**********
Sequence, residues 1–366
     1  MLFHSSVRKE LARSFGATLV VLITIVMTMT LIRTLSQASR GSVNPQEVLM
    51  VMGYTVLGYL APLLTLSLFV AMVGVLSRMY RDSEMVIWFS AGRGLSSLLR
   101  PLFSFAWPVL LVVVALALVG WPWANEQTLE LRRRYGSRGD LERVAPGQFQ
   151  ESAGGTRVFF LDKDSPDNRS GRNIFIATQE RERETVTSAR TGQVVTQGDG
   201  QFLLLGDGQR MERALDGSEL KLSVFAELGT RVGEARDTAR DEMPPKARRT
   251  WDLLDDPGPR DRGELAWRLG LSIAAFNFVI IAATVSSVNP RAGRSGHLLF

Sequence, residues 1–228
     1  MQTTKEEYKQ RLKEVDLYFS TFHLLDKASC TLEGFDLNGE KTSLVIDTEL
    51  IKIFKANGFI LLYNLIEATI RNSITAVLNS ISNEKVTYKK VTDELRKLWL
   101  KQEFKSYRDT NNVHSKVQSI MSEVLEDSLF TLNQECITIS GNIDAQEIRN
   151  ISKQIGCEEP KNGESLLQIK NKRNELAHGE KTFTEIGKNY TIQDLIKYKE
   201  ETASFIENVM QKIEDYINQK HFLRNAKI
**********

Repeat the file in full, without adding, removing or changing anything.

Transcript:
Sequence, residues 1–366
     1  MLFHSSVRKE LARSFGATLV VLITIVMTMT LIRTLSQASR GSVNPQEVLM
    51  VMGYTVLGYL APLLTLSLFV AMVGVLSRMY RDSEMVIWFS AGRGLSSLLR
   101  PLFSFAWPVL LVVVALALVG WPWANEQTLE LRRRYGSRGD LERVAPGQFQ
   151  ESAGGTRVFF LDKDSPDNRS GRNIFIATQE RERETVTSAR TGQVVTQGDG
   201  QFLLLGDGQR MERALDGSEL KLSVFAELGT RVGEARDTAR DEMPPKARRT
   251  WDLLDDPGPR DRGELAWRLG LSIAAFNFVI IAATVSSVNP RAGRSGHLLF

Sequence, residues 1–228
     1  MQTTKEEYKQ RLKEVDLYFS TFHLLDKASC TLEGFDLNGE KTSLVIDTEL
    51  IKIFKANGFI LLYNLIEATI RNSITAVLNS ISNEKVTYKK VTDELRKLWL
   101  KQEFKSYRDT NNVHSKVQSI MSEVLEDSLF TLNQECITIS GNIDAQEIRN
   151  ISKQIGCEEP KNGESLLQIK NKRNELAHGE KTFTEIGKNY TIQDLIKYKE
   201  ETASFIENVM QKIEDYINQK HFLRNAKI